TILT Institute for the Contemporary Image

Carrie-Anne Shimborski

Carrie-Anne Shimborski is a Philadelphia native, abstract painter, Master Doodler, and an emerging photographer. Throughout her work, Shimborski seeks to capture the raw, real, and present emotion of her subjects. As a self-taught artist, Shimborski has created numerous pieces of artwork; however, her greatest creation thus far is the light of her life, her son Luca!

One of Eight

Upstairs in the hallway of my childhood home hung a portrait of my Mother, Catherine (b. 1950), taken when she was three years old. Catherine looked forlorn, with puppy dog eyes. She wears a little blue dress, her hands clasped. Next to her hung a picture of me when I was 5, with puppy dog eyes, a little blue dress, and clasped hands. I knew why I looked sad–I was forced to wear a dress–but my Mother’s melancholy seemed deeper. There were enough similarities to make me wonder until I finally asked my Mother about it.

Her studio portrait was taken on the day that she became an orphan. After the portrait session, my Grandparents, Florence and Scottie, dropped Catherine off at Philadelphia’s Catholic Children’s Bureau.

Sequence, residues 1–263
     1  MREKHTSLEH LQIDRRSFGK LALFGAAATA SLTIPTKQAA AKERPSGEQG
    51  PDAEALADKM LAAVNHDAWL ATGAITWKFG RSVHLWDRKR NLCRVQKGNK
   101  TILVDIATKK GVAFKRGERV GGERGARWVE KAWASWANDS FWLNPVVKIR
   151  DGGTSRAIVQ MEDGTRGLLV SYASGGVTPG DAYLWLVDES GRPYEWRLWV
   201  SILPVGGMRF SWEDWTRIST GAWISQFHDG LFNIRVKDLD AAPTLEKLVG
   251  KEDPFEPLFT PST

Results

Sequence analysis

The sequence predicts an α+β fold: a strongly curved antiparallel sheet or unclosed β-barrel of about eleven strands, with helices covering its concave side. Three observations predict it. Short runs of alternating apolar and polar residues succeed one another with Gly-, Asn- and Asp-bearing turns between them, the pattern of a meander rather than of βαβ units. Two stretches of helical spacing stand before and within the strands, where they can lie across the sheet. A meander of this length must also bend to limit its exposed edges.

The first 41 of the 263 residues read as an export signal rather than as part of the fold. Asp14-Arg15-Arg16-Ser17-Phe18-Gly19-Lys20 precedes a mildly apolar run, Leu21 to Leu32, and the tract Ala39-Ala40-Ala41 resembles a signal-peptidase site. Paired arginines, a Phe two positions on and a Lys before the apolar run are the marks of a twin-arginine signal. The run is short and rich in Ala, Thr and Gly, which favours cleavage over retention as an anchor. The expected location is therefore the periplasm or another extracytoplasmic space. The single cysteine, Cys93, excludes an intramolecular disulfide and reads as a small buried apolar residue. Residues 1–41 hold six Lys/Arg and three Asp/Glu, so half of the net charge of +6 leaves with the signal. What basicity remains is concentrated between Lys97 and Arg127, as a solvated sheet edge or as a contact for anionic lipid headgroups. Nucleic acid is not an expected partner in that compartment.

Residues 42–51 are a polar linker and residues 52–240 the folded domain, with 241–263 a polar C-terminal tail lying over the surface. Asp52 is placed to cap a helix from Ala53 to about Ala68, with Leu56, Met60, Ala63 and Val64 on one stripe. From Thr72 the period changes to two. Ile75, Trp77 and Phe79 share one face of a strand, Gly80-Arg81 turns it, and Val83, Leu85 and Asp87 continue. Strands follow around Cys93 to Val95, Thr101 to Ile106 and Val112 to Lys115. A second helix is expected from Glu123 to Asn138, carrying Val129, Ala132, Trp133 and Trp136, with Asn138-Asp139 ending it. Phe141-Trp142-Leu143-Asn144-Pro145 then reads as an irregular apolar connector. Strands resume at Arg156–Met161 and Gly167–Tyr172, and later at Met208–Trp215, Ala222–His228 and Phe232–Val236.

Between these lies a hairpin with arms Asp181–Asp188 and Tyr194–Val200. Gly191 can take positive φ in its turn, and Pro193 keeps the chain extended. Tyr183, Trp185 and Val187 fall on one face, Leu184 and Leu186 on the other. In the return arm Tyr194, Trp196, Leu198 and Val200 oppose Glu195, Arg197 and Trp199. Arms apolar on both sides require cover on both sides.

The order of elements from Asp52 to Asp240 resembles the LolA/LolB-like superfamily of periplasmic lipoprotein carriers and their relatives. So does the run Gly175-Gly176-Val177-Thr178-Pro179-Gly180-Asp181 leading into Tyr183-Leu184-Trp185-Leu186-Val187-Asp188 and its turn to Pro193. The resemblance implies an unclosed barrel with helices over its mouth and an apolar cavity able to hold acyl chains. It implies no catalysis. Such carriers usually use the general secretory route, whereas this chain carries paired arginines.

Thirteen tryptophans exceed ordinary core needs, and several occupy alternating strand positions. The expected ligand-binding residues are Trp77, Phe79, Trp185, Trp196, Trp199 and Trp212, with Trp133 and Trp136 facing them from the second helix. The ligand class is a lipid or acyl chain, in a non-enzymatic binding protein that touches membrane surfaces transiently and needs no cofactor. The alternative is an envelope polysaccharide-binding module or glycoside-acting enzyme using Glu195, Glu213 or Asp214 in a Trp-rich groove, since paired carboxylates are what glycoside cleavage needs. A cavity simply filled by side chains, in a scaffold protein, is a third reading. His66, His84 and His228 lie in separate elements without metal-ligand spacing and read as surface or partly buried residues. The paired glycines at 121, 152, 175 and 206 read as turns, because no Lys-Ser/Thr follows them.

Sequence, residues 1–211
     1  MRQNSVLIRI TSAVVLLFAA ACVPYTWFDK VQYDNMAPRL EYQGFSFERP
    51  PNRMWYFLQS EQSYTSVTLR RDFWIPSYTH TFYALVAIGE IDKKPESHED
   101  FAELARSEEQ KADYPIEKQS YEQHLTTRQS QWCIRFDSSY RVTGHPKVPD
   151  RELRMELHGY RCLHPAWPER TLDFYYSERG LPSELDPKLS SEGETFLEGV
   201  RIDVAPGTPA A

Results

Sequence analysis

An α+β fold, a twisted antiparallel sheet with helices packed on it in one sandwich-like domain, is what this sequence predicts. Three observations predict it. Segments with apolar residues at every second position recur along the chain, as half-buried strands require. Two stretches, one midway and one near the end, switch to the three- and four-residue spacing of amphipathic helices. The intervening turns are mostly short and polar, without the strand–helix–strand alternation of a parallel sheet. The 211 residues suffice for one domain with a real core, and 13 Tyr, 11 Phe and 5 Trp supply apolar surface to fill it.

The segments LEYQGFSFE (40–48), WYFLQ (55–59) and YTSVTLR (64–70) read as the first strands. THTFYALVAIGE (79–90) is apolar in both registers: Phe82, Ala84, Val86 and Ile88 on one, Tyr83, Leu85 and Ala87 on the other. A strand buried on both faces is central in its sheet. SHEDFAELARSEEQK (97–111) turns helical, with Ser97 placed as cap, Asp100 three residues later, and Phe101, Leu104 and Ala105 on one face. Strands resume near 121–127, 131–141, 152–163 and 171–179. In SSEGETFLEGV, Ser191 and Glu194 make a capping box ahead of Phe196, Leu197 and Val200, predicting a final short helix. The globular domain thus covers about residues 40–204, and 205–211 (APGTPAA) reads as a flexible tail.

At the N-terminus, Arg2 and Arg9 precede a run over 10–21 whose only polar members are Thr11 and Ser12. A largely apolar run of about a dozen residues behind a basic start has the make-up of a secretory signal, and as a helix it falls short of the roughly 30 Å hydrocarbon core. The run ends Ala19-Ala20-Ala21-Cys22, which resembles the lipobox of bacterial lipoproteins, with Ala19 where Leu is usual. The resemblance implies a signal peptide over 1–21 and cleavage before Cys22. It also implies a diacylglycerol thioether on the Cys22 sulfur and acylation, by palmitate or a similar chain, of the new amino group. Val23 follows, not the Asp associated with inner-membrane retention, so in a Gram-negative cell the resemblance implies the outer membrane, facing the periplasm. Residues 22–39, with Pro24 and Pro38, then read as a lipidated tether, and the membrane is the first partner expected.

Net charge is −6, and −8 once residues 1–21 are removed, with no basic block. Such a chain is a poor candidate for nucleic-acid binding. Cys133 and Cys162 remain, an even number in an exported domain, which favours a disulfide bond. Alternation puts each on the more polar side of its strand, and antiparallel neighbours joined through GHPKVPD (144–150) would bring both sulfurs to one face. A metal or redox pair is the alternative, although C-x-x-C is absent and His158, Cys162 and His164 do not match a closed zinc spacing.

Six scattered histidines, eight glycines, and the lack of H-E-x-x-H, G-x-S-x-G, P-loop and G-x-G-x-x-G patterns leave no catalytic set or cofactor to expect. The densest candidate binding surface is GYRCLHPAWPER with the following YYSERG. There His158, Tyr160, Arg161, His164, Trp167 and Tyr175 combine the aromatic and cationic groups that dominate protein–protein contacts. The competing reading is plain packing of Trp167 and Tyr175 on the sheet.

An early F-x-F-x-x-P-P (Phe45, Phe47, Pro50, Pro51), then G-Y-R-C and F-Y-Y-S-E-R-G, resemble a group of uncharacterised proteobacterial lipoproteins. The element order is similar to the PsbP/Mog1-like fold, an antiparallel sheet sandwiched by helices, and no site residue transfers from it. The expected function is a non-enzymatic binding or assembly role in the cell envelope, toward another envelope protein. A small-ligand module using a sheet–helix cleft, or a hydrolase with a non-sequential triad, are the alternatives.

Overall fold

Florence and Scottie continued to have five more children–keeping each one until about the age of three, then making the trek to drop them off at the Catholic Children’s Bureau. After giving away their first six children–two girls and four boys–they had two more sons, whom they kept and raised.

My Mother was cared for by nuns for two years, then shuffled between foster homes and Catholic orphanages throughout Philadelphia until the age of 18. While a photo shows that Catherine visited Florence and Scottie’s home one Christmas, Catherine was photographed alone, posed in front of the Christmas tree.

Catherine has no pictures together with Florence, the woman who birthed her. She was pictured alone in each of the five known photographs from her early life. Alone as a baby. Alone as a toddler. Alone as a child. Alone as a teenager.

Florence does, however, appear in pictures with her sons. Her stern face stares into the camera, framed by two smiling boys, on that same Christmas day when my mother visited, and, a few years later, outdoors in a backyard. It seems, though, that Florence’s happiest photographic face was reserved for the many portraits she took with the dogs she raised throughout her life.

My Mother didn’t take many photographs of me. I sometimes asked her where the pictures of me when I was younger were. She always replied that ‘life got in the way.’

It’s possible that Catherine didn’t appreciate the importance of a photograph and the memory that it holds. I, on the other hand, take so many photos of my son, Luca. I feel the absence of my own childhood photographs. I want Luca to know and see himself.

I am still working on putting myself in the picture.